New Zealand’s foreign trusts were recently reported in the media in a way that paints a totally different picture than what is on the ground. Lawyer Geoffrey Cone took the time to address the state of affairs on the ground in an article that was widely circulated in most social networks. Cone disputed the claims that New Zealand was a tax haven, and explained that it does not appear on the list of all tax havens that is kept by OECD. Further, he explained that in tax havens there is no transparency and minimal or no taxes, a situation that is totally different in New Zealand.
Tax Transparency and Foreign Trusts
New Zealand appears on the white list of OECD for having implemented the 2002 OECD Model Agreement on Exchange of Information on Tax Matters. New Zealand was in fact among the first countries to appear in this list. New Zealand also demonstrates its leadership in as far as tax transparency is concerned on the way it handles its foreign trusts and the strict requirements placed on the trustees. The measures above are all meant to aid in the exchange of information with governments that make such requests.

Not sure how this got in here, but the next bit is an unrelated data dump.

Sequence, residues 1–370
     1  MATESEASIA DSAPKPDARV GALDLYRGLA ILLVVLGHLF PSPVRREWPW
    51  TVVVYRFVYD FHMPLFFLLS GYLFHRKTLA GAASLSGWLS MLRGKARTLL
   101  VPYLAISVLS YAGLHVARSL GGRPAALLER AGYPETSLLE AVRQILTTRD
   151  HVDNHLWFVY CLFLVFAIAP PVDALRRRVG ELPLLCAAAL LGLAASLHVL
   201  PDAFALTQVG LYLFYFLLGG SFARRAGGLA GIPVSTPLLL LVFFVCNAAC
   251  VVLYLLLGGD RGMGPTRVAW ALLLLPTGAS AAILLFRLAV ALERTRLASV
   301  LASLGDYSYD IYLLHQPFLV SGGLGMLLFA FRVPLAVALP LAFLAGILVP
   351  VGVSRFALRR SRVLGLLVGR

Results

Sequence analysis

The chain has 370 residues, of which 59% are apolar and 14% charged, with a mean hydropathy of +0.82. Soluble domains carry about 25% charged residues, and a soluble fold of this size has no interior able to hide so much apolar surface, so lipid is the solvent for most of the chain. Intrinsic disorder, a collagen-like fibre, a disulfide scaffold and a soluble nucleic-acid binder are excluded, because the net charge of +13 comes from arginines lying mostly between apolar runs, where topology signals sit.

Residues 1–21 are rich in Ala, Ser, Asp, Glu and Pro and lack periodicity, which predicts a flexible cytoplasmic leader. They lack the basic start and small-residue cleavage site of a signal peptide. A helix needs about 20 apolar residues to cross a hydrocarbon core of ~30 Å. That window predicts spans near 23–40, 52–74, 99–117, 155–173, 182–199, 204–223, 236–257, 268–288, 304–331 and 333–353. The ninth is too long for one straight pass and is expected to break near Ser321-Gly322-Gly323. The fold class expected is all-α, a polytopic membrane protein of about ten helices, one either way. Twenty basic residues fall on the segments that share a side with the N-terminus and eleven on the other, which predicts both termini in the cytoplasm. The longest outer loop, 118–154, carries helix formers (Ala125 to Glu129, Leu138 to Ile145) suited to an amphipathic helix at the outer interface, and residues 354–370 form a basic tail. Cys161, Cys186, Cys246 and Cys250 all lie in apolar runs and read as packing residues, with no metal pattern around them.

New rules were introduced in 2006 by Michael Cullen after lengthy consultations. A resident trustee from New Zealand in a foreign trust is supposed to fill and submit an IR607 (Foreign Trust Disclosure Form), as well as keep records and financial for tax purposes in NZ. These include details of all assets and liabilities of the trust, and the money the trustee gets and spends. If they carry on a business, the trustee ought to keep information on the accounting systems, codes and charts of the account. The records must be kept in NZ and in English language to escape heavy penalties. In 2011, the powers were enhanced when the world standard money laundering legislation was enacted.
About Geoffrey Cone
Cone studied in the University of Otago, NZ and was awarded with LLB honors and a post graduate diploma in tax and trust law. Cone started off practice in Auckland, NZ from 1980 before moving to Christchurch. He became a Partner and Chairperson of all the Partners in a chief law firm. He specialized in commercial litigation and advisory work in tax and trust matters, as well as appearing before all courts as the lead counsel, the Privy Council included. Having worked in the British West Indies for about two years he returned to Auckland in 1997. In 1999, Cone established Cone Marshall Limited, his practice that specializes in international tax and trust planning. It is the only Law firm in New Zealand that specializes in these services and offers management services of trustee and trust through a number of affiliated companies.